Most struggle with the difficult semantics of the word and have not heard of it … Interestingly, you might have been seen or treated by an Oral and Maxillofacial Surgeon without even you realising it or knowing it !
When a dentist is faced with a difficult tooth that requires to be removed, the ‘specialist’ who is called to carry out the procedure … that person is the “Oral and Maxillofacial Surgeon”. But that is not all that we do.
Let me break it up for you semantically, before I venture into more details.
“Oral” is pretty obvious and so I am going to skip to the next – “Maxillofacial”. #Maxillofacial is a compound word consisting of “Maxilla” (upper jaw bone) and “Facial” (relating to face). So my work relates to problems of the “maxilla” and of the “face”. “Orofacial” is again a compound word derived from joining “Oro” (related to oral cavity) and “Facial”.
My specialty of “Oral and Maxillofacial Surgery” branched out initially from “Plastic #Surgery” concentrating on the issues surrounding the facial region.
A wide variety of procedures are performed by an oral and maxillofacial surgeon which can range from simple tooth extractions (removal of teeth) to complex facial reconstructions. More often, in the hospitals, they call a oral and maxillofacial surgeon to offer opinion and treat patients with broken jaws (maxillary / mandibular fractures). Oral and Maxillofacial surgeons are also actively involved in treatment of #cleft lip, palate, diagnosis and management of oral cancers, swelling, cysts, infections, involving the jaws, diagnosis and treatment of pain disorders involving the orofacial region and the Temporomandibular joint (#TMJ).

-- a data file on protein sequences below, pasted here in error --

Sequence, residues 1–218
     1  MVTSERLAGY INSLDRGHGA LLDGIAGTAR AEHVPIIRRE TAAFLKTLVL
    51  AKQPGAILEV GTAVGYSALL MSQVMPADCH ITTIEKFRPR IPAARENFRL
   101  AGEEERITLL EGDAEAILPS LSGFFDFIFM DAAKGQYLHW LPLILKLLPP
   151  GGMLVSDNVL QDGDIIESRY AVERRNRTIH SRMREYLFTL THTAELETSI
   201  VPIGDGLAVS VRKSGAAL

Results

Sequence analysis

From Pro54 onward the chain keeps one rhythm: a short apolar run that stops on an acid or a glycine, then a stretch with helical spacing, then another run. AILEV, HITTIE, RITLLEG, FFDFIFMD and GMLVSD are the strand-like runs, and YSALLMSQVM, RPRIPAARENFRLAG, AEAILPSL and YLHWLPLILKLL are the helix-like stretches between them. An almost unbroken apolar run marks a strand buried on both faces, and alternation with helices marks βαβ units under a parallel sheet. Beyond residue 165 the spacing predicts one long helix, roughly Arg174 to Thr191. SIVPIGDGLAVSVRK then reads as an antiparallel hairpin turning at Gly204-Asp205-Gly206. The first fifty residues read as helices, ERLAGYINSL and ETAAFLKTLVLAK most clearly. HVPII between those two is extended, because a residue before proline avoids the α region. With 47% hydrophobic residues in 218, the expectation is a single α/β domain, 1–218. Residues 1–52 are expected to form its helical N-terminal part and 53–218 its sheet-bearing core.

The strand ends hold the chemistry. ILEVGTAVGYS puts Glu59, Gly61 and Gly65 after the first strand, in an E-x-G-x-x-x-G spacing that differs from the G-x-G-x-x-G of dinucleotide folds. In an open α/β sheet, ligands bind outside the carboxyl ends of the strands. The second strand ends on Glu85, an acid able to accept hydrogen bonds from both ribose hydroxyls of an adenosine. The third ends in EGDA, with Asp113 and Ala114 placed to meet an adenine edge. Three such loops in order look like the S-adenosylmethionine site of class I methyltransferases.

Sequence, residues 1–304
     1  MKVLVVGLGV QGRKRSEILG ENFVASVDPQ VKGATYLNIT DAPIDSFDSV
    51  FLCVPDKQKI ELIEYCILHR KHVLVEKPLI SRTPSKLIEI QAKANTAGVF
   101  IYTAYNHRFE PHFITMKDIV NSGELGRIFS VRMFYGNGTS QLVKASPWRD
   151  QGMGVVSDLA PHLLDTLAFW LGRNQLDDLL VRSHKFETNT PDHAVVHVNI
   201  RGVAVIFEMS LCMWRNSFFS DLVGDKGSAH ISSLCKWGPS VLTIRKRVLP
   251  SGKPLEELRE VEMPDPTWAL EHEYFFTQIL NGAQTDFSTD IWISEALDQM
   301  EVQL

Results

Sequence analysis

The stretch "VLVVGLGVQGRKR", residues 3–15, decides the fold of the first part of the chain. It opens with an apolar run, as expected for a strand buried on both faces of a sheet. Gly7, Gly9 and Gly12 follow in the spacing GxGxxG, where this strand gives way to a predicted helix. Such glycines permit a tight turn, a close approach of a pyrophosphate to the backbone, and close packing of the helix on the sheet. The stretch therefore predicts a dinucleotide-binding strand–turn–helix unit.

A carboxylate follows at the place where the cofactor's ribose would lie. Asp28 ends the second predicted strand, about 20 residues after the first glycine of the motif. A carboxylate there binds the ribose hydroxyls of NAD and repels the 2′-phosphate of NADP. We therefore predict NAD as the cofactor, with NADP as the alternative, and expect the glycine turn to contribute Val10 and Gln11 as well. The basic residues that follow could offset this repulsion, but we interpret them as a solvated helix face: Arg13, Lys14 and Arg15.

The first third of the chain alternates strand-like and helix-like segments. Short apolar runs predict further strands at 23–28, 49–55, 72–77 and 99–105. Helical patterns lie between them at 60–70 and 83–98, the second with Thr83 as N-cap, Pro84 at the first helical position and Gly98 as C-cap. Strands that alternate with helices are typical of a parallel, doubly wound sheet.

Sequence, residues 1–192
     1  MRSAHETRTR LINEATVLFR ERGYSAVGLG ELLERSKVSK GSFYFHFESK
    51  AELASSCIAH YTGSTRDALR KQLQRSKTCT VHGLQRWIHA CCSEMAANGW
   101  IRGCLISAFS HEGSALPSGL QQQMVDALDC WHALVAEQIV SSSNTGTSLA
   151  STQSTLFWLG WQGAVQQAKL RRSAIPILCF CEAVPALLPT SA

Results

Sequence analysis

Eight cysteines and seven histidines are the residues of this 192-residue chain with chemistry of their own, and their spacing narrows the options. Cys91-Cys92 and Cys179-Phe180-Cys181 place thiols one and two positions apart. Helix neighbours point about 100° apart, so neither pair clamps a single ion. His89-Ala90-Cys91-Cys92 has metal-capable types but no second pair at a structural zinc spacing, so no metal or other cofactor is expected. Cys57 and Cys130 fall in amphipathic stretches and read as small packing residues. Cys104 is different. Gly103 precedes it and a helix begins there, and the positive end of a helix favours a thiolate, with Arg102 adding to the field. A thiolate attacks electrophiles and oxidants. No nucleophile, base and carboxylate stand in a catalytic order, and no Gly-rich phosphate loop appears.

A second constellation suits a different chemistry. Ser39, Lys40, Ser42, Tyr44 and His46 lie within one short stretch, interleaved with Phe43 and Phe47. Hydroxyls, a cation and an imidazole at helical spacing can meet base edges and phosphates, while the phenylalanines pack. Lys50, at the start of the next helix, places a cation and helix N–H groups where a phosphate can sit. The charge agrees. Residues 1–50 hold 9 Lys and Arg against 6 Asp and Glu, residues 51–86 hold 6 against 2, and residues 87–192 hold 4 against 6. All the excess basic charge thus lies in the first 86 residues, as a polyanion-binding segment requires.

Orofacial pain may mimic tooth ache or gum pain whereas temporomandibular joint pain disorders may show up as clicking sounds in the joints,
vague pain in the lower jaw or difficulty in opening the mouth wide. Both of these are often mistaken to be a problem with ‘tooth’ and the tooth is subjected to various tests and treatment with little or no improvement in the pain symptoms. I have seen patients who have had a number of teeth removed before realising the pain was not of tooth origin and a type of orofacial pain unrelated to the teeth! It takes an expert to understand the difference and start a treatment plan. Oral and Maxillofacial Surgeons are often called for such challenging cases where the precise cause of pain cannot be determined by the dentist. The “maxfac” that you see in #akilmaxfac in site url is derived as a short form of the word “Maxillofacial”.
I, Dr. Akilesh Ramasamy is proud to be an Oral and Maxillofacial Surgeon & Orofacial / Temporomandibular Joint (TMJ) Pain Specialist.